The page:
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REPORT
This report is an archived publication and may contain dated technical, contact, and link information
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Publication Number:  FHWA-HRT-16-007    Date:  January 2016
Publication Number: FHWA-HRT-16-007
Date: January 2016

 

Long-Term Bridge Performance (LTBP) Program Protocols, Version 1

Long-Term Bridge Performance Program Logo

Concrete Superstructure and Substructure—Spalls and Delaminations
LTBP Protocol #: FLD-DC-VIC-004


1.

Data Collected

 
1.1 Description and location of spalls and delaminations on concrete superstructures and substructures.  

2.

Onsite Equipment and Personnel Requirements

 
2.1 Equipment:  
2.1.1 PRE-PL-LO-004, Personal Health and Safety Plan.  
2.1.2 Ladder, access platform, snooper, bucket truck, man lift, and/or high-reach equipment (if necessary).  
2.1.3 Sounding hammer.  
2.1.4 Wire brush or hand broom.  
2.1.5 Tape measure.  
2.1.6 6-ft folding rule.  
2.1.7 Caliper.  
2.1.8 Waders or a boat (if necessary).  
2.1.9 Laser measuring device (optional).  
2.1.10 Temporary marker.  
2.1.11 Digital camera.  
2.1.12 Pencil, sketch pad, clipboard.  
2.2 Personnel: PRE-PL-LO-005, Personnel Qualifications.  

3.

Methodology

 
3.1 Use the segmentation and numbering system (FLD-OP-SC-002, Structure Segmentation and Element Identification System) to locate and document defects by the unique element identifier.  
3.2 Use FLD-OP-SC-003, Determination of Local Origins for Elements, to establish a local origin on each element of the superstructure and substructure. Establish the two relevant coordinate axes for each face of each element being evaluated.  
3.3 Cleaning: Use the wire brush or hand broom to clean the concrete element by brushing away any debris so any defects are visible.  
3.4 Measuring, recording, and evaluating characteristics of spalls and delaminations:  
3.4.1 For any suspected defect area, strike the concrete surface with a sounding hammer, and listen for any hollow sounding areas in concrete; remove any loose concrete.  
3.4.2 Mark the limits of each area of delamination or spalling on the element with a temporary marker, and mark the corners of a rectangle that encompasses the maximum length and maximum width of the area of delamination or spalling.  
3.4.3 Measure and record the dimensions of each area of delamination or spalling at its maximum length and width.  
3.4.4 For each area of delamination or spalling on the element, document on which superstructure or substructure element (FLD-OP-SC-002, Structure Segmentation and Element Identification System) and on what area of the element the delamination or spalling is located. Using the element local origin as point (0,0,0), determine and record the coordinates of the four corners of the rectangle.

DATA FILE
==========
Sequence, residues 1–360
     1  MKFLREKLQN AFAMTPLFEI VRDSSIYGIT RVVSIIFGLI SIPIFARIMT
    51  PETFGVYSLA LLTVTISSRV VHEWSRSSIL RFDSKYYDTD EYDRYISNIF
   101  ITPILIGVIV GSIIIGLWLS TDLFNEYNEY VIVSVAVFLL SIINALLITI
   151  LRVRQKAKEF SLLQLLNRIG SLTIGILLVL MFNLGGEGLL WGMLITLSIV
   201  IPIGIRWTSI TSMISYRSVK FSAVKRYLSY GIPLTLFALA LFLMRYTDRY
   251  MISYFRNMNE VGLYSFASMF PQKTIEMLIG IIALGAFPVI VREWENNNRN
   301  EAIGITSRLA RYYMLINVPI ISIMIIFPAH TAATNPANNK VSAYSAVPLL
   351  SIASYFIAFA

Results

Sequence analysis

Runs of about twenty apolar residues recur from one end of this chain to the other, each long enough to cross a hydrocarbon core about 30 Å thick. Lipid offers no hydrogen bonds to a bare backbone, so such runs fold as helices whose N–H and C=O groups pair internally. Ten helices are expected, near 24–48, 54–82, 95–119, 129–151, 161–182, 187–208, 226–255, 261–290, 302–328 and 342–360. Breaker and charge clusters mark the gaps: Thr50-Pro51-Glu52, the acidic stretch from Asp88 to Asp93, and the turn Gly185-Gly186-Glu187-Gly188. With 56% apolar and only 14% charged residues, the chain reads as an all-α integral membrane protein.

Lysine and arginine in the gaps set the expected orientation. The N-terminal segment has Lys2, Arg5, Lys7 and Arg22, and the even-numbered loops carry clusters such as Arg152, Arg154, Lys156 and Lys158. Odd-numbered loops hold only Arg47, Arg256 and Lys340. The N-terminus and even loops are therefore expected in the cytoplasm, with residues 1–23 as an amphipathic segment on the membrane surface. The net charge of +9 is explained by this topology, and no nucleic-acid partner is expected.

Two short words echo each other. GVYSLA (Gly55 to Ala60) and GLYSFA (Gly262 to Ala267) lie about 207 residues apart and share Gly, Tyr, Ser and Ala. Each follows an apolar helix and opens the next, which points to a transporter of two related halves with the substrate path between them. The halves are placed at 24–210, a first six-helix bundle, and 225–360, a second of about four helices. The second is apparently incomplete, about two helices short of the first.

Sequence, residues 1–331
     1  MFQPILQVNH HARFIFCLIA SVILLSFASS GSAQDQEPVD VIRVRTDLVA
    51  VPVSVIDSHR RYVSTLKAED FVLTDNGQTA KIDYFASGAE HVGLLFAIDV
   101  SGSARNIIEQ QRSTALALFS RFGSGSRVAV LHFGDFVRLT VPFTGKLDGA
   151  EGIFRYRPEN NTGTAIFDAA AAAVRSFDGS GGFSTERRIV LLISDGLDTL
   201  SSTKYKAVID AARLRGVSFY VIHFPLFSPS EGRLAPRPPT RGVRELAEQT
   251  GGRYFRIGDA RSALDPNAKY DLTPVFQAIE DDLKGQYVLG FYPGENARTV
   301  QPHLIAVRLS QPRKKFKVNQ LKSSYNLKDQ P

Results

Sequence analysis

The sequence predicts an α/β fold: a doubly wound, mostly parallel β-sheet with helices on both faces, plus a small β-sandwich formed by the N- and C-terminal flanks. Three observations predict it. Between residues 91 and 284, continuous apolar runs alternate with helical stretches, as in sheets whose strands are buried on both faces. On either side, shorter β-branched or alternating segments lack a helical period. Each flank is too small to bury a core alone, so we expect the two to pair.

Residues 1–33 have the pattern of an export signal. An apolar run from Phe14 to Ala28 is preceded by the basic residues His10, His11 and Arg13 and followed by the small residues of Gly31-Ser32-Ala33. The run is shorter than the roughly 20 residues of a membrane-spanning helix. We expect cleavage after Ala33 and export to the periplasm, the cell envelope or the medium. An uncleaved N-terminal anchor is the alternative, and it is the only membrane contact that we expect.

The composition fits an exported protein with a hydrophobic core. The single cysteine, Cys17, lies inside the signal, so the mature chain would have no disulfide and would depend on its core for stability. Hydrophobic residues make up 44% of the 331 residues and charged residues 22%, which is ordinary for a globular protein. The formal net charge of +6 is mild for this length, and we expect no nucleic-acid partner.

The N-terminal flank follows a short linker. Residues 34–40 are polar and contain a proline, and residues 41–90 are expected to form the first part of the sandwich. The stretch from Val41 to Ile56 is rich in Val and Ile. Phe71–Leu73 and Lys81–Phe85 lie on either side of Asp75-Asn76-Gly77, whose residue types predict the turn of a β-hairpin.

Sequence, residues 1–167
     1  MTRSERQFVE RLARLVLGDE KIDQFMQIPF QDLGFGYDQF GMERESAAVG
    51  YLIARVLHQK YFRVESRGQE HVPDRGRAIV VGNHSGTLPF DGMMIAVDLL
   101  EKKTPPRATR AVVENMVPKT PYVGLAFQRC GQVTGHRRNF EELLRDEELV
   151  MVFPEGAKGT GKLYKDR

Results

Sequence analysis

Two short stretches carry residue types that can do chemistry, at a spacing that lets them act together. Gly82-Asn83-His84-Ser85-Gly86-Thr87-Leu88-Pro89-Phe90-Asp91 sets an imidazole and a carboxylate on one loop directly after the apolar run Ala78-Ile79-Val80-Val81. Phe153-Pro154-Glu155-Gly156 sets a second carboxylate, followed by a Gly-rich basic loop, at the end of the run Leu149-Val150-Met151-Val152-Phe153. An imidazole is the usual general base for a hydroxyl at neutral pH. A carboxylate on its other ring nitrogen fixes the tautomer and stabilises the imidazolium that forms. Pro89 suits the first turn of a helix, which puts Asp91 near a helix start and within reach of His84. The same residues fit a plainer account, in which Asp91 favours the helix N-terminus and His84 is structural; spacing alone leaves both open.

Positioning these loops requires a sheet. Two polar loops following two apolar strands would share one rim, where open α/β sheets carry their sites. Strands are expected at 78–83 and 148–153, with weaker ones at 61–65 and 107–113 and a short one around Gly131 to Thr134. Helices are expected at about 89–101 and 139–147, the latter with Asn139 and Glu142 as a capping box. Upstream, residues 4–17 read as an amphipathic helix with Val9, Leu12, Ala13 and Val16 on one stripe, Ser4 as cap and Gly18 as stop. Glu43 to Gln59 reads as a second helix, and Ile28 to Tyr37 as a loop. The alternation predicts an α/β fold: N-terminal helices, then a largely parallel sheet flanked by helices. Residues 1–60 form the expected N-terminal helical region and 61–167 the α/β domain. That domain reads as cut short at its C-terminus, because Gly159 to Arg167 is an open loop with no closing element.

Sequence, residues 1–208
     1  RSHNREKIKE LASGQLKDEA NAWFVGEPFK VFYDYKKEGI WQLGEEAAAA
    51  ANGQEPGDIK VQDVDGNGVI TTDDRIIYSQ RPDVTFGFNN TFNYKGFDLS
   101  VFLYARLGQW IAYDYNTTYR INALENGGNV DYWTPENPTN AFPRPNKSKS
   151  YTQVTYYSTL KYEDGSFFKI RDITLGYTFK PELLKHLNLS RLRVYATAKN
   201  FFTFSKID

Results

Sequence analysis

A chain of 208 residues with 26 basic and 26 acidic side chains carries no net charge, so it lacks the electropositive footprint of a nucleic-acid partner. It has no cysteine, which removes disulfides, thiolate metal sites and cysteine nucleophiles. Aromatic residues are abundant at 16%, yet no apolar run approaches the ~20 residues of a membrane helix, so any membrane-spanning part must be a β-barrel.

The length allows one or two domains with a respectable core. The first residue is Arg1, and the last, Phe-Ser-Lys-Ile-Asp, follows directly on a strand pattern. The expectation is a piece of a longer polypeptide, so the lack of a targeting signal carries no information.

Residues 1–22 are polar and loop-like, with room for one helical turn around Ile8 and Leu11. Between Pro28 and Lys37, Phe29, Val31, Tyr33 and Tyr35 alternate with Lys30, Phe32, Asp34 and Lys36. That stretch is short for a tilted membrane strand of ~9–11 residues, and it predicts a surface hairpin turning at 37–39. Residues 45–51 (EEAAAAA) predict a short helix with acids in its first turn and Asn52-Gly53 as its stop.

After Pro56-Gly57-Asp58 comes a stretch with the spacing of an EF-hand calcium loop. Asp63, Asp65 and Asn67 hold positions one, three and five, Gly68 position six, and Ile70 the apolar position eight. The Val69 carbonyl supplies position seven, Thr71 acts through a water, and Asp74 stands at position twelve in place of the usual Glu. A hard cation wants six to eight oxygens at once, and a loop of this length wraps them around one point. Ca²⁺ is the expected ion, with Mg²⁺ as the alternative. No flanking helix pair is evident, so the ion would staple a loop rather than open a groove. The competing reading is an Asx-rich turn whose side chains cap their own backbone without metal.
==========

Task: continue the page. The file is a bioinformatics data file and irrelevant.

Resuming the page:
3.5 For each instance of exposed steel reinforcement and tendons or strands:  
3.5.1 Record the type and unique element identifier of the element where the steel reinforcement and/or tendons or strands are exposed.  
3.5.2 Mark the length of the exposed steel reinforcement and/or tendons or strands with a temporary marker, and photograph the damage.  
3.5.3 Measure the length of the exposed steel reinforcement and/or tendons or strands.  
3.5.4 Document the location of exposed steel reinforcement and/or tendons or strands by determining and recording the coordinates of the beginning and the end of the affected portion of the element.  
3.5.5 Clean with a wire brush, and measure and record the amount of section loss in the exposed steel reinforcement and/or tendons or strands (if applicable). If necessary, obtain the original cross‑section from the existing documentation for the bridge (PRE-ED-BD-001, Plans and Specifications for Bridge Design and Construction).  
3.6 Documenting defects:  
3.6.1 Take photographs of defects using FLD-DC-PH-002, Photographing for Documentation Purposes, and create a photo log.  
3.6.2 Use sketches to document spalls and delaminations and supplement the photographs.  
3.7 Storing data, documents, and images:  
3.7.1 FLD-DS-LS-001, Data, Document, and Image Storage—Local, for local storage.  
3.7.2 FLD-DS-RS-001, Data, Document, and Image Storage—Remote, for remote storage.  
3.8 Reporting: Transfer all metadata, data, documents, and images to Federal Highway Administration (FHWA), and/or upload all metadata, data, documents, and images into the Long-Term Bridge Performance (LTBP) Bridge Portal.  

4.

Data Collection Table

 
4.1 Table:  
# Field Name Data Type Accuracy Unit Field Description Row Color
1 State
Text
 
 
State Code; e.g., Virginia = VA
Green
2 NBI structure number
Text
 
 
Item 8, structure number; from NBI Coding Guide
Green
3 Structure name
Text
 
 
Descriptive name for the bridge; e.g., Route 15 SB over I–66
Green
4 Protocol name
Text
 
 
Title of the protocol
Green
5 Protocol version
Text
Month and year
 
Month and year the protocol version was published; e.g., May 2015
Green
6 Personnel performing data collection activities
Text
 
 
First name(s) Last name(s)
Green
7 Date data were collected
Text
Exact date
 
mm/dd/yyyy
Green